July 24, 2014

Innodb Caching (part 2)

Few weeks ago I wrote about Innodb Caching with main idea you might need more cache when you think you are because Innodb caches data in pages, not rows, and so the whole page needs to be in memory even if you need only one row from it. I have created the simple benchmark which […]

Reality of Innodb Caching

I have mentioned few times Innodb caches data in pages and even if you have working set consisting of relatively few rows your working set in terms of pages can be rather large. Now I came to do a little benchmark to show it in practice. I’m using standard “sbtest” with 10mil rows with data […]

MySQL 5.6 – InnoDB Memcached Plugin as a caching layer

A common practice to offload traffic from MySQL 5.6 is to use a caching layer to store expensive result sets or objects.  Some typical use cases include: Complicated query result set (search results, recent users, recent posts, etc) Full page output (relatively static pages) Full objects (user or cart object built from several queries) Infrequently […]

InnoDB performance optimization basics (redux)

I recently stumbled upon a post that Peter Zaitsev published back in 2007 titled “Innodb Performance Optimization Basics.” It’s a great post and reading it inspired me to examine what’s changed in the nearly six years that have followed in terms of MySQL, Percona Server – as well as in all of the other now-available […]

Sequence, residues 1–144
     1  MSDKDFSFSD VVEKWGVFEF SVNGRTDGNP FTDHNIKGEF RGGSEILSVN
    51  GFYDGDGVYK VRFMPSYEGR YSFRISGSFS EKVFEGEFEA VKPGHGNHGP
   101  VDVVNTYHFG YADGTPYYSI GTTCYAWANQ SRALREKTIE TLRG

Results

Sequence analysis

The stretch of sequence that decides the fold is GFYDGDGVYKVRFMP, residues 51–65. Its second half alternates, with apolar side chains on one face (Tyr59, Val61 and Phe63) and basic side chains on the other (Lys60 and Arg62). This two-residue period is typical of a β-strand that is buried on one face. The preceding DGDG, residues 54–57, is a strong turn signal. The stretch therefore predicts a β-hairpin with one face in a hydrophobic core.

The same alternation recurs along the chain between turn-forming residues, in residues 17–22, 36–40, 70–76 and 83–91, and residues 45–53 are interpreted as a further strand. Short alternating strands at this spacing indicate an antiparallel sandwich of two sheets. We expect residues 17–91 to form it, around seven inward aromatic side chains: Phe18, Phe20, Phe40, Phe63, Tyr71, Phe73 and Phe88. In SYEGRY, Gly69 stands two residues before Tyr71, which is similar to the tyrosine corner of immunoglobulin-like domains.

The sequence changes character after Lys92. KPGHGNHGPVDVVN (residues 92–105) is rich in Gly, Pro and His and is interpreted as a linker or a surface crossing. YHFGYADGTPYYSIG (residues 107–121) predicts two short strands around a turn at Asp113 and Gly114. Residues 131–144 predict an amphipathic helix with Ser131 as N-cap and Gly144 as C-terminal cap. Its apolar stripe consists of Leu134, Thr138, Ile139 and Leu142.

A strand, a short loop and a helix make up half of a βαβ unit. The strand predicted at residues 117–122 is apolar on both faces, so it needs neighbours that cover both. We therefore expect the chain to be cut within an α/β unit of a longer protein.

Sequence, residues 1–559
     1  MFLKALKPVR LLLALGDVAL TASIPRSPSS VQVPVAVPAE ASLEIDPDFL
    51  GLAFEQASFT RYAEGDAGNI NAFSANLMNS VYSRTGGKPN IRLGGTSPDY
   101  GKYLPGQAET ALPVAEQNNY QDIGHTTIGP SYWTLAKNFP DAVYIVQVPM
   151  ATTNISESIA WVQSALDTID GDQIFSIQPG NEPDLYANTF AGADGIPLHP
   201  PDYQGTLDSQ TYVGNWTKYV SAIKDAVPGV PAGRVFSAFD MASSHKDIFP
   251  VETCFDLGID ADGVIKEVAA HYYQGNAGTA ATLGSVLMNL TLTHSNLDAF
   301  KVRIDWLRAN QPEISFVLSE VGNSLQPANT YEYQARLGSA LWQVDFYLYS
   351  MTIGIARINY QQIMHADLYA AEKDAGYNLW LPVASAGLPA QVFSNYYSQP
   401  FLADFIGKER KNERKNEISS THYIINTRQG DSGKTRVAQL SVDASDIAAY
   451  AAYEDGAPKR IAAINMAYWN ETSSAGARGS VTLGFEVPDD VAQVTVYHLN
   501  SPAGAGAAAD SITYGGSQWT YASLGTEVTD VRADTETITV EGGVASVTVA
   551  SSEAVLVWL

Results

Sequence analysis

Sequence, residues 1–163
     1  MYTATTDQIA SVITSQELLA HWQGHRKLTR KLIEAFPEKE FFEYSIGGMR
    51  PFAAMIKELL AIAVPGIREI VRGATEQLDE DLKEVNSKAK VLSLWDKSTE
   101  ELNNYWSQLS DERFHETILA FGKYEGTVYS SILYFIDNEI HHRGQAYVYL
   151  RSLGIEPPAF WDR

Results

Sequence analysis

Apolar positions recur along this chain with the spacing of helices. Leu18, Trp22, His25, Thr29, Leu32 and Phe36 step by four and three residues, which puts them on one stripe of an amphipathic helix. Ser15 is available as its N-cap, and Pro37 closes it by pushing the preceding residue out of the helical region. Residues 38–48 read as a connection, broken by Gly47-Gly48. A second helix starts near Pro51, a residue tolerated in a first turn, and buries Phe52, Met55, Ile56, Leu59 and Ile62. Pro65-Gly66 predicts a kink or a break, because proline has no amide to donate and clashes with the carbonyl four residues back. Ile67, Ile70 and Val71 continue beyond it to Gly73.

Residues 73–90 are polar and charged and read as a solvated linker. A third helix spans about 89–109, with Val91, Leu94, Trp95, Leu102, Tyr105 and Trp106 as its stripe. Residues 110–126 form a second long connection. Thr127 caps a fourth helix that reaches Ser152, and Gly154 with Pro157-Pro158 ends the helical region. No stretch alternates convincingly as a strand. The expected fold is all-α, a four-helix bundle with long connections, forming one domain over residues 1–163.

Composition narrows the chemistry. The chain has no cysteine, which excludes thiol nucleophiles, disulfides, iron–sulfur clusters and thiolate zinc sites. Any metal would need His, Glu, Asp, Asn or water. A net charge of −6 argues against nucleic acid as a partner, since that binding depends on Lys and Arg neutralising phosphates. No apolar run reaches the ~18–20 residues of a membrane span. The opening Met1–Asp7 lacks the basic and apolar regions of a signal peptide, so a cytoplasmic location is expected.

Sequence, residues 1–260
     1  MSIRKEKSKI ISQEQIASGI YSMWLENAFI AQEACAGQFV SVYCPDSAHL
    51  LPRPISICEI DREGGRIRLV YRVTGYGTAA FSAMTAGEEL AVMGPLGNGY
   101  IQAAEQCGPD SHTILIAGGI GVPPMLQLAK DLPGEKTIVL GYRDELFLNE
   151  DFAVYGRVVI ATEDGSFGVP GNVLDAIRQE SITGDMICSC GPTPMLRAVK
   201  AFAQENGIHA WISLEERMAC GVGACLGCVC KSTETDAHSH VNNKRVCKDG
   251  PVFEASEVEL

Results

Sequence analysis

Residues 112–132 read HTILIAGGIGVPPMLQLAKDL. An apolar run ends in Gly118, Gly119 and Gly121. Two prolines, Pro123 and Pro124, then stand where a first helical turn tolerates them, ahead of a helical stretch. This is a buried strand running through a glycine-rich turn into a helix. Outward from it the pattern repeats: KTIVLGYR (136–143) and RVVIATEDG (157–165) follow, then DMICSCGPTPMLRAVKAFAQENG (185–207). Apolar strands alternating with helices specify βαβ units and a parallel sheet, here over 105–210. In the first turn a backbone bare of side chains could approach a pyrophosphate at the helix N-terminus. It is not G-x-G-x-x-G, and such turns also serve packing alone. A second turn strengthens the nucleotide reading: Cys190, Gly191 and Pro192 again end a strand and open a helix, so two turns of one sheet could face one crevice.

MySQL and the SSB – Part 2 – MyISAM vs InnoDB low concurrency

This blog post is part two in what is now a continuing series on the Star Schema Benchmark. In my previous blog post I compared MySQL 5.5.30 to MySQL 5.6.10, both with default settings using only the InnoDB storage engine.  In my testing I discovered that innodb_old_blocks_time had an effect on performance of the benchmark.  There was […]

Why don’t our new Nagios plugins use caching?

In response to the release of our new MySQL monitoring plugins on Friday, one commenter asked why the new Nagios plugins don’t use caching. It’s worth answering in a post rather than a comment, because there is an important principle that needs to be understood to monitor servers correctly. But first, some history. When I […]

Great work Innodb Team

I thought I should praise Innodb team for all the work they have been doing recently. We see a lot of cool stuff happening, especially in the area of our interest which is Performance And Scalability. Innodb Plugin 1.0.4 had a lot of great performance improvements and 1.0.5/1.0.6 gets even further with long standing caching […]

Few more ideas for InnoDB features

As you see MySQL is doing great in InnoDB performance improvements, so we decided to concentrate more on additional InnoDB features, which will make difference. Beside ideas I put before http://www.mysqlperformanceblog.com/2009/03/30/my-hot-list-for-next-innodb-features/ (and one of them – moving InnoDB tables between servers are currently under development), we have few mores: – Stick some InnoDB tables / […]

Should you move from MyISAM to Innodb ?

There is significant portion of customers which are still using MyISAM when they come to us, so one of the big questions is when it is feasible to move to Innodb and when staying on MyISAM is preferred ? I generally prefer to see Innodb as the main storage engine because it makes life much […]

Choosing innodb_buffer_pool_size

My last post about Innodb Performance Optimization got a lot of comments choosing proper innodb_buffer_pool_size and indeed I oversimplified things a bit too much, so let me write a bit better description. Innodb Buffer Pool is by far the most important option for Innodb Performance and it must be set correctly. I’ve seen a lot […]